Early Bremerton business buildings were crudely constructed, fragile structures. Local residents knew that a fire of any size could destroy the entire town. Mayor Croxton, who was acting volunteer fire chief, called for volunteers for the fire department on May 7, 1901. At a May 13, 1902, meeting of the City Council, a committee was named to establish the volunteers headed by City Councilman C. Hanson and including Thomas Driscoll, J. J. Murphy, Asa Coder, William Moffett, a Mr. Thomas and Lott. By August 6th, 24 volunteers had enrolled and the council appointed Murphy as Chief. He was a Naval Warrant Machinist at PSNY.
Fire Chief History
In January 1903 volunteers were allowed to select a chief and they picked J. D. Humble. He had served 12 years in the St. Paul, Minnesota, Fire Department and, the Bremerton News reported, "his long experience will no doubt enable him to give a service to the people." He had been captain of Fire Company #1. Other members of that company were William Hanson, Herman Renn, H. R. Abbott, J. Provost and Frank Clay. C. C. Collins was the 1st captain of Station #2 and Joseph Gamex of Company #3.
He was succeeded as chief in 1907 by Alexander Watt who remained in office until 1914 when Murphy elected chief at a special election. He retained this office until 1921 when Arthur Olsen was appointed by Mayor Giles. In February 1922 "Shippy" Lent was appointed by mayor Bowdoin. Lent originally joined the department in 1907. The first organizational meeting was held the following week. Councilman Hanson reported that hydrants and hose had been ordered but hadn't yet arrived.
The town's 1st major fire after volunteers were enlisted was at the rental owned by Dr. George Warmburg on September 20, 1902. The bucket brigade was kept busy keeping the fire from spreading to adjoining buildings on Washington Avenue. At the September 22, 1902, council meeting, purchase of a $175 hose cart was approved as well as hooks, ladders and firefighting buckets. Mr. Hanson suggested that the company test the hose and have a drill immediately on the delivery of the cart.
When the equipment arrived in December 1902, Chief Murphy arranged for a fire alarm to be installed at the station located in the J. E. Wood Company building. Two other fire companies were located on Pleasant Avenue and Veneta near Fourth.
Proceeds from the 2nd annual fireman's ball held in February 1903 were used to purchase belts, rubber coats and hats. The entire volunteer fire department budget was generated through social events.
The fire alarm system was a triangle mounted at the main station. When a fire call came in, the 1st arriving man rang it to alert volunteers. Up until this time several rifle shots were fired to signal an emergency. It wasn't considered a good system because the town was noisy with dynamite, used to remove stumps, often exploding. The alarm system quickly became obsolete. Profits from this second 1903 fireman's dance were earmarked for a bell tower to be mounted atop city hall. W. A. Mohr received the contract for $35.80 to build the tower. It wasn't until early March 1904 that a 595-pound bell was purchased to sound the call for the volunteers.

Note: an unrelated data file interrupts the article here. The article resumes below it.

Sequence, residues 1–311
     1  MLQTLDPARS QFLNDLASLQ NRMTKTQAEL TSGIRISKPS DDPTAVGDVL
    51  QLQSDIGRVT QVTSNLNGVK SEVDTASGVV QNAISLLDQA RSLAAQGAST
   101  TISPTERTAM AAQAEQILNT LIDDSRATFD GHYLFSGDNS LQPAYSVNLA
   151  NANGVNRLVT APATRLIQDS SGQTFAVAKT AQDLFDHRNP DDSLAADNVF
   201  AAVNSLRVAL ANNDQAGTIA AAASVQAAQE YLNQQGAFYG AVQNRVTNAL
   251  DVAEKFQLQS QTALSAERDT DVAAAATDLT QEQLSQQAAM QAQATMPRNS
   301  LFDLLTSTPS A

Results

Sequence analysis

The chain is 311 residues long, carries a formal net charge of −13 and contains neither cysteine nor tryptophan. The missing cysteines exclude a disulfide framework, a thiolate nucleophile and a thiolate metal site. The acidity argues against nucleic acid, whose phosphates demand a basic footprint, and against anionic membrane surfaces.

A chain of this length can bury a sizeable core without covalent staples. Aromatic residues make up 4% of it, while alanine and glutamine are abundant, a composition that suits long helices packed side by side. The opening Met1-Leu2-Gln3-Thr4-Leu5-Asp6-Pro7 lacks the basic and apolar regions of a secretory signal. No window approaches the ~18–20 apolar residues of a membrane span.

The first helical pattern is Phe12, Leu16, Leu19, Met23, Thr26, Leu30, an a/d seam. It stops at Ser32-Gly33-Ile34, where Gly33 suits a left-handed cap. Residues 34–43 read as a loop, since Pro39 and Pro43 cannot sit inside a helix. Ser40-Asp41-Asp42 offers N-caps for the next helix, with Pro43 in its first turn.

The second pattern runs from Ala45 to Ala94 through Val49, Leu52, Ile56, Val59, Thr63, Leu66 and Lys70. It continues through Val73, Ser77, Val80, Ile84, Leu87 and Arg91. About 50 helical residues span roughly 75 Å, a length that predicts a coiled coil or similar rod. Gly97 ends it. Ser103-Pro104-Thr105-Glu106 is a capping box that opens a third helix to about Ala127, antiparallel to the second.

Refuse near the temporary ordnance building in PSNY triggered the Yard fire whistles and a line of hose was connected along the north fence. The hose cart with additional hose was at the gate within 5 minutes.
By the end of 1903 the department owned 2,000 feet of fire hose and there were 35 hydrants.
The city appropriated money to modernize the department and the 1st horse-drawn hose and ladder wagon were purchased although the wagon didn't have a pump which meant that firefighters had to rely on water pressure from hydrants.
As the city didn't allocate funds for a horse team, the council ratified payment of $2 to anyone who would pull the cart to a fire, or $1 just to tow it when needed. Within 3 months the offer was raised to $5 because there was such little interest. At $5 competition was frantic. When the fee was raised, the town's clanging bell found locals clogging the streets with wagons as their owners unhitched horses and raced to the firehouse. It soon became a contest between Barney Iffert and Bob Hammond. This lasted until February 1904 when a team was donated to tow the fire cart, and the city purchased a team, withdrawing the $5 prize. There was 1 paid fireman at this time whose main duty was to hitch the team and drive the hose cart to calls.
The daily routine for the paid man and Chief was to hitch up the 2 horses and, for exercise and training, trot the team around town. The wagon had iron wheels and carried considerable coiled hose, a chemical tank, several ladders, axes and a number of soda acid fire extinguishers. As the wagon had no pump, the chemical extinguishers were the only way of putting out small fires. In 1904, the Kitsap Review commended the volunteers for their prompt actions in quelling a gas explosion. Chief J. L. Humble stated: "I am proud of my firemen."
Humble came to Bremerton in 1902 and was employed in PSNY, was in business as a contractor and builder, and operated an auto transfer business. His son, Andrew, was a volunteer firefighter at the age of 13. Andrew later worked in construction throughout the west and following service in France during WWI, returned to Bremerton, retiring from PSNY 1944.
Putting Out a Fire
The 1st false alarm came in at 1 a.m., June 9, 1904, following in September by destruction of a building, valued at $100, blamed on a broken rope to the bell tower.